Every once in a while, life hands you an opportunity that seems too good to be true, whether it’s 75,000 lightly-used ball pit balls or Greek islands that are less expensive than NYC apartments. Today, we present you with one such once-in-a-lifetime deal: you can now bid on a retired Redbird subway car for the bargain starting price of just $6,500.
Redbird Car #9075 is a 50-foot, 40-ton car that seats 44 people. It was previously used, among other purposes, to transport New Yorkers to and from the 1964 World’s Fair in Flushing Meadows Corona Park. It was officially retired in 2003, when the entire fleet was replaced with the stainless-steel cars people are familiar with today.
But unlike its fellow Redbirds, this particular car was rescued from a watery grave by then-Queens Borough President Helen Marshall and given a new life as a tourist center and museum just outside of Queens Borough Hall. (The MTA sold the car to the city for $1.)
According to The New York Times, current Queens borough president Donovan Richards wants to change things up at Queens Borough Hall. That’s what led to the auction, which started yesterday and runs through July 2nd, though it may be extended longer. (You can get all the info about the auction and how to bid here.)
The auction is being overseen by the NYC Department of Citywide Administrative Services, who say this is the last surviving Redbird — and there are currently no bids on the car.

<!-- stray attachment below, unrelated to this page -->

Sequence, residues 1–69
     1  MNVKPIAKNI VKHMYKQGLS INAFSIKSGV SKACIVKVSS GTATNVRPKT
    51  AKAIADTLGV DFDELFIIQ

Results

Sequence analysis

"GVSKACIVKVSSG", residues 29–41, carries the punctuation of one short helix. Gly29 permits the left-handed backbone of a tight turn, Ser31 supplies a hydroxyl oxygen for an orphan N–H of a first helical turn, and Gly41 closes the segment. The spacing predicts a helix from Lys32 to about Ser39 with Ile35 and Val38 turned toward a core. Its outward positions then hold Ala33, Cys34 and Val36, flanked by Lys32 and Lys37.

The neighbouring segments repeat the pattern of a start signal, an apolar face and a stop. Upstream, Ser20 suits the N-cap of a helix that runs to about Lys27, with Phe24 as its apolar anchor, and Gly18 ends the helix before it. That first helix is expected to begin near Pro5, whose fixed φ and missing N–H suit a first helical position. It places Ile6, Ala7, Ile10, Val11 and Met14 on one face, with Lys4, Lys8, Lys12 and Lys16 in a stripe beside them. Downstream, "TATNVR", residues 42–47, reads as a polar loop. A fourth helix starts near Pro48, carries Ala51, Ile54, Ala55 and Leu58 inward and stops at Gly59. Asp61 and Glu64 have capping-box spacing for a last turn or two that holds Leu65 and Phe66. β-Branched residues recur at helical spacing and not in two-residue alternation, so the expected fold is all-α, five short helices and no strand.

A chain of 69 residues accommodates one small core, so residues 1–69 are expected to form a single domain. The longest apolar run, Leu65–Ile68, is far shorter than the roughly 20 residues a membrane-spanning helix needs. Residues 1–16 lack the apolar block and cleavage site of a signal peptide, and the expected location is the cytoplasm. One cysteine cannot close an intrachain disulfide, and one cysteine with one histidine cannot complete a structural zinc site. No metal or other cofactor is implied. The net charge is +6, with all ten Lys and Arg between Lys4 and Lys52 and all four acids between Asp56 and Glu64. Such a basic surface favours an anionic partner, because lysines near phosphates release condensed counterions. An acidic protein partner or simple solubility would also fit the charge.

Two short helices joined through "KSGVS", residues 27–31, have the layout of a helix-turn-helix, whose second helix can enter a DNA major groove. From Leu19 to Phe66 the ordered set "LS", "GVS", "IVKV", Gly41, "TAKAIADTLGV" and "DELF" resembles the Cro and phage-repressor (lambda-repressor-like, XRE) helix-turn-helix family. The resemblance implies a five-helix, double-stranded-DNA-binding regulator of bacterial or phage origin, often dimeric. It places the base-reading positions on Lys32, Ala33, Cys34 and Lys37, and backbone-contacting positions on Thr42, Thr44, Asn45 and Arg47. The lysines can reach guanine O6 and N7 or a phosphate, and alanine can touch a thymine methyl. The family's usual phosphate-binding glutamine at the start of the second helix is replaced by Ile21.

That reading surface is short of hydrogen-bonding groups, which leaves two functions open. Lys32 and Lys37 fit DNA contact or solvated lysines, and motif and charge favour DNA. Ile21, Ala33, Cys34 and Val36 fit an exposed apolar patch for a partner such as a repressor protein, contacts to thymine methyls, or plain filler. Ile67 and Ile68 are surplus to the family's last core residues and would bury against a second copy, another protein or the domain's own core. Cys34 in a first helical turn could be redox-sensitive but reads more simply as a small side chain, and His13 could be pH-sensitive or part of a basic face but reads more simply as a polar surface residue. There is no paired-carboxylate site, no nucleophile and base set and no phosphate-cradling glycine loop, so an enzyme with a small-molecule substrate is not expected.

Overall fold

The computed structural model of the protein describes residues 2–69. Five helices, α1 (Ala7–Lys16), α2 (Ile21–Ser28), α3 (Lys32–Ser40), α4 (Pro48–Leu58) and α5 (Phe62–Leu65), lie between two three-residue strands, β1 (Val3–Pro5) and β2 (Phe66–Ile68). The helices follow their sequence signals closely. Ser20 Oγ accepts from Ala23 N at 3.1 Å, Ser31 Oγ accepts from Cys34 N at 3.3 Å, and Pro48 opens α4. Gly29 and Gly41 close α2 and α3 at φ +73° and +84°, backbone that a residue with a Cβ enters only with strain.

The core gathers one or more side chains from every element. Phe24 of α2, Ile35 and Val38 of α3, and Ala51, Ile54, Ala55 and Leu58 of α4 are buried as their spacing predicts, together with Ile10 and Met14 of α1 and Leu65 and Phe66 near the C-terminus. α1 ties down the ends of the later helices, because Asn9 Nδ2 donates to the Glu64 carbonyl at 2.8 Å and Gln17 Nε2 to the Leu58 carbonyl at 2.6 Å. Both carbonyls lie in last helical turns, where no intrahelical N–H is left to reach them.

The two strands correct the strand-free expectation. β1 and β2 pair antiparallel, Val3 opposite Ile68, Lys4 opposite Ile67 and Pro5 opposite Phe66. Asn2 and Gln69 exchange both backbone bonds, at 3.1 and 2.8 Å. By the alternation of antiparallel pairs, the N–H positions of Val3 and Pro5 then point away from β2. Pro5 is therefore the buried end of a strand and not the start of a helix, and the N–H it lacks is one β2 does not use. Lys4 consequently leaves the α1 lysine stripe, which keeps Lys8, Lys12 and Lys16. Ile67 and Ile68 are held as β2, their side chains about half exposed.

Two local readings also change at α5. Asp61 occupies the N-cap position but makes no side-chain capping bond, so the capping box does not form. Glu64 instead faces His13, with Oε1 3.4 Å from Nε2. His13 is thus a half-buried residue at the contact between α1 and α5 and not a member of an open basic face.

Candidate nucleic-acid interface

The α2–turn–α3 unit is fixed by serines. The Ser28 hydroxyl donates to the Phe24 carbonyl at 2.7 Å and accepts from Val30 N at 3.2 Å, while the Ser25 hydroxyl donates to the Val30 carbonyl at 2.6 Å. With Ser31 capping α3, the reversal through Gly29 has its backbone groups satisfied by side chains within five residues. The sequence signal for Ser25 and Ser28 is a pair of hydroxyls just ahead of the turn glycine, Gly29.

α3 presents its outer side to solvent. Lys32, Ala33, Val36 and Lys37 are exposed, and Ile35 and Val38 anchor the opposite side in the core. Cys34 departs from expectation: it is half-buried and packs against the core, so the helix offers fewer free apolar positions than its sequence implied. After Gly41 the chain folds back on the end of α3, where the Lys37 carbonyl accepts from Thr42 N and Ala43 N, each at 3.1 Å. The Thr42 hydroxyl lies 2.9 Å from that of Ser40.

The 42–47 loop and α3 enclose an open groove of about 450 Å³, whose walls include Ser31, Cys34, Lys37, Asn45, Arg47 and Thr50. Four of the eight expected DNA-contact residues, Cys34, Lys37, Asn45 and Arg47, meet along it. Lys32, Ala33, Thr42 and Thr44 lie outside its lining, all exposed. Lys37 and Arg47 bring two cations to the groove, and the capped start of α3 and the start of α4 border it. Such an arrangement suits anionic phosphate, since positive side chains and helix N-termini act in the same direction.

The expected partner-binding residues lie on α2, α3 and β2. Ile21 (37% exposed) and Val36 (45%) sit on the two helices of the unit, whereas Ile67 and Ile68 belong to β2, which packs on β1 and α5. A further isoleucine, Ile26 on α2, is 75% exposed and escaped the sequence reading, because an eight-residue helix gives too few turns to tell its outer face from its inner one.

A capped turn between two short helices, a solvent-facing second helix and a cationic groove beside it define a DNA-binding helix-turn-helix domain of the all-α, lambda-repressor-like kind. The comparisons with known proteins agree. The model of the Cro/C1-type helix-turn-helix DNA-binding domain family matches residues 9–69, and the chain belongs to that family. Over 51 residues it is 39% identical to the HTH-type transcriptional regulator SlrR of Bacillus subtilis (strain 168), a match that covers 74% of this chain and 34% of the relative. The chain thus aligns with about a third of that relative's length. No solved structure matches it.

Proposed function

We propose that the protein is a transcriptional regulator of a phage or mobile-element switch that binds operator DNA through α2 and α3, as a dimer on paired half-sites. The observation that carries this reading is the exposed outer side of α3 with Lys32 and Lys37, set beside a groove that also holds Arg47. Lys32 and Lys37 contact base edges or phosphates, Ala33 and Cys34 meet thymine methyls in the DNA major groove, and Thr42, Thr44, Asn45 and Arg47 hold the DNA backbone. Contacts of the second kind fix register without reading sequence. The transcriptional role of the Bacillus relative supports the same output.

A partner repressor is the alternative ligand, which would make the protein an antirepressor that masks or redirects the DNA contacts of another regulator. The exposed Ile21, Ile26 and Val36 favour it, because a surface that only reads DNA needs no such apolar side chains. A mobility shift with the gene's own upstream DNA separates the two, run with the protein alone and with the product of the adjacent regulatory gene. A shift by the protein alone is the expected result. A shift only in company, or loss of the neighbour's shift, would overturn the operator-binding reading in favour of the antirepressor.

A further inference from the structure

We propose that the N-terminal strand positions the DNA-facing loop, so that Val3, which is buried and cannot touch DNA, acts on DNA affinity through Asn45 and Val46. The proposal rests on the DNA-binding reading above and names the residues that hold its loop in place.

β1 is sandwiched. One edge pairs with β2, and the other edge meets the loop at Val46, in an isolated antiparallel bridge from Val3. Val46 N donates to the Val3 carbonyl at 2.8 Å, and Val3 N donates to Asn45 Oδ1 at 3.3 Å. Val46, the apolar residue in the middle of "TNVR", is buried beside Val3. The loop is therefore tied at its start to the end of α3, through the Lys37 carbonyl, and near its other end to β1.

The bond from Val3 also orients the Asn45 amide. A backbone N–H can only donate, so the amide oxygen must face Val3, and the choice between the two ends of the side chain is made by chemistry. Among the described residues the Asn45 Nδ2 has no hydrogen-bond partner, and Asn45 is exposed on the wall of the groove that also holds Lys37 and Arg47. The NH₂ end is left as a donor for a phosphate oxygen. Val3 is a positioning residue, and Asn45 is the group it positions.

If you have someplace to house it, just imagine what you could do:
- Turn it into a very hip and exclusive bar called The Redbird Room!
- Open your own underground transit museum dedicated solely to red items discarded on the tracks!
- Lean into the name and turn it into a bird sanctuary!
- Let street artists run wild with it!
- Donate it to Coalition for the Homeless!
- Transform it into some sort of surreal Twin Peaks-inspired Red Room! That decommissioned subway car you love is indeed coming back in style!!!
The Redbirds fleet — named for the cars’ “Gunn Red” facades, even though they technically came in a variety of colors besides red — ran between 1959 and 2003. They were decommissioned in the early ’00s, with over 700 of them “reefed” off the coasts of New Jersey, South Carolina, North Carolina and most famously Delaware, which is home to Redbird Reef.
In addition to their bright paint jobs, they had individual metal handholds, linear fiberglass seating and various flooring patterns, including checkered tiles. Jodi Shapiro, curator at the New York Transit Museum, previously told Gothamist that the Redbirds “were introduced into our subway system at a time of great prosperity for the system.”
The Transit Museum has an exhibit all about the fleet — Reign of the Redbirds — currently up, and Shapiro said it’s a testament to their design that they’ve retained their popularity all these years later
“It’s not just the citizens of New York who feel emotionally attached to these types of cars, but the people who worked with them every day feel an affinity for them as well,” she said. “Which is why I say this show is like a love letter, because everybody loves the Redbirds.”